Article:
A long time ago, I used to work for ADP doing pre-sales. We had great relationships internally with services and implementation, but nonetheless it always seemed to come up that we didn’t always sell with the full lens of reality. On the other hand, I’d say that we came up with some pretty cool solutions to some pretty tough problems. In today’s world, I’m generally thought of as a strategist. I do lots of planning type of work whether it’s strategic 3 year plans, some implementation planning, or just some business case writing. My current project (depending on when this posts), is a global implementation of a new core HR system for which I had a major hand in writing the business case. I’ll start by saying that I’m really not suited for implementations, but the experience is quite eye opening.
There is no blame for anything that happens in pre-sales here. For this current project, we had probably one of the best consultants available both from functional and technical resources. The problem that happens in pre-sales is that you don’t actually have finalized design yet, so all discussions are really quite hypothetical. “So how would the application perform ABC?” “Well, there is option 1, or 2, or 3.” And of course if we wanted to solve for problem XYZ, there are solutions 7, 8, and 9. Where the hard part comes in is that while all of the presented solutions are not only possible, but implementationally viable, mixing and matching does not always work. Solution 2 might be dependent on implementing position management, and solution 3 might not work with solution 7.
When I was with ADP, there was sometimes the thinking that we threw things over the fence. First of all, I think this happens with all vendors. Second, I don’t think we ever really threw things over that proverbial fence. Instead, we just didn’t know what a client was ultimately going to do, so we presented all the possible options. In a sales cycle, you really don’t have the time to go into every nuance of every solution, and most of the time you have consultants like me driving tight timelines and moving discussions forward before “analysis paralysis” occurs.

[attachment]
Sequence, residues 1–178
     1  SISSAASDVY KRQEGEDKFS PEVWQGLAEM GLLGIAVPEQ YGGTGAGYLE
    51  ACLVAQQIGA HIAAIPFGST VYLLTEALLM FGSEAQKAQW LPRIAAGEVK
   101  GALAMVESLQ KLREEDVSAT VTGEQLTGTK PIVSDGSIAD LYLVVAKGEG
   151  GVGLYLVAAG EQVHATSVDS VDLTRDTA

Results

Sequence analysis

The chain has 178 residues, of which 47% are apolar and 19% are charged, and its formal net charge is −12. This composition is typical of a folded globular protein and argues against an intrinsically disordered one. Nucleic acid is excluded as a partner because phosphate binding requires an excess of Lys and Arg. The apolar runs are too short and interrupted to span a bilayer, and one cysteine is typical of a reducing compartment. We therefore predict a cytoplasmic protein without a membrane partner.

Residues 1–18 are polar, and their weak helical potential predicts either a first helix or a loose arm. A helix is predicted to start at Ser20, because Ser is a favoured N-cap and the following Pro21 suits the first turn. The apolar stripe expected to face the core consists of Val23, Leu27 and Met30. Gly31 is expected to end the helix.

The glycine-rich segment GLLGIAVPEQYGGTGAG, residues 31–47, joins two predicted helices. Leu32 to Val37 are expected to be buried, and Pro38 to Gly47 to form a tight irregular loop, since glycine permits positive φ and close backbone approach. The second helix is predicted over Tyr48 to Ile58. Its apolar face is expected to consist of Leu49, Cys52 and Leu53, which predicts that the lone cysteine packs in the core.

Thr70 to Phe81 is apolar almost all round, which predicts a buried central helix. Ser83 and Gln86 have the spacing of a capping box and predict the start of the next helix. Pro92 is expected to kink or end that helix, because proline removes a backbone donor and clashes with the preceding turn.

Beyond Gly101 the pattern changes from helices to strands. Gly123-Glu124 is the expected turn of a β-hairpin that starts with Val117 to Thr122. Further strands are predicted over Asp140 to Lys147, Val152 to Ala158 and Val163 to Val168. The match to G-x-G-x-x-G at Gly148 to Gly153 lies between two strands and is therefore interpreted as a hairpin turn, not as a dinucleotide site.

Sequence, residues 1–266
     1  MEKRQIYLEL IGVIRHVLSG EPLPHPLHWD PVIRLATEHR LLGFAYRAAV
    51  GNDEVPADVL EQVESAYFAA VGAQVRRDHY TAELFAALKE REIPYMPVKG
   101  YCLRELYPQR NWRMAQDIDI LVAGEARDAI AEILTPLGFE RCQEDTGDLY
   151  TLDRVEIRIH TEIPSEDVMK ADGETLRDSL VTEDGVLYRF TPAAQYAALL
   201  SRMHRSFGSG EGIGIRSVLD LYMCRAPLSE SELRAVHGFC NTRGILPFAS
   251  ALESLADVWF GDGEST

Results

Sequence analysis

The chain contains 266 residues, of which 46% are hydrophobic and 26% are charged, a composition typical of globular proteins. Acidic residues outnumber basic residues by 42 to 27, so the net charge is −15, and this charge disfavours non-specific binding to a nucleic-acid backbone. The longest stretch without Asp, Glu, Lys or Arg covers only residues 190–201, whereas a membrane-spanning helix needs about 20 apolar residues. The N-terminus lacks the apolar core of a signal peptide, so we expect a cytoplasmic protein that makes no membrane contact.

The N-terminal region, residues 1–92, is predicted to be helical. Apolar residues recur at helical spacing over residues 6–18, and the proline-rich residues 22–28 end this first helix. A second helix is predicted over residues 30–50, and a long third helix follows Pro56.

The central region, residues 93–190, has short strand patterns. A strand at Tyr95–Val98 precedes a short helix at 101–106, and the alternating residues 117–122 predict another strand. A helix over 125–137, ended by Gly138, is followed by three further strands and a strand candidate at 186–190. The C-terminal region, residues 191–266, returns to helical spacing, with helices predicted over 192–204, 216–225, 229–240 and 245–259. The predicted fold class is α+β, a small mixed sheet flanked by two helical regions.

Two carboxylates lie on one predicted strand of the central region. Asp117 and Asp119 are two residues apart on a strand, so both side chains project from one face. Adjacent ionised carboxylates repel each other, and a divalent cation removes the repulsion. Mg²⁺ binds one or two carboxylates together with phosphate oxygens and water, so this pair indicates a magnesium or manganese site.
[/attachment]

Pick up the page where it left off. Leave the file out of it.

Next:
I remember back in the day when ERP implementations would last for years – things would come up, we’d switch directions, something else would come up, we’d backtrack because the application didn’t work the way we expected it to. Reflecting on my own experience, I realize how much we could not have known in the sales cycle, and what that meant for the implementation. Implementation consultants have a really challenging job. “But you guys told us we could do option 3!” “Ok client, but you didn’t tell us that you wanted 1 job code for the entire company.” (I’m kidding about that one)
Once we have requirements and design, I have a whole new respect for how implementers get around to explaining how the whole application actually works with all the nuances of each functional component. I’ve always loved how sales consultants can dance around solutions for a system that if completely fictitious at that point, but am equally amazed at watching implementers dance around requirements once they start to solidify. Hats off.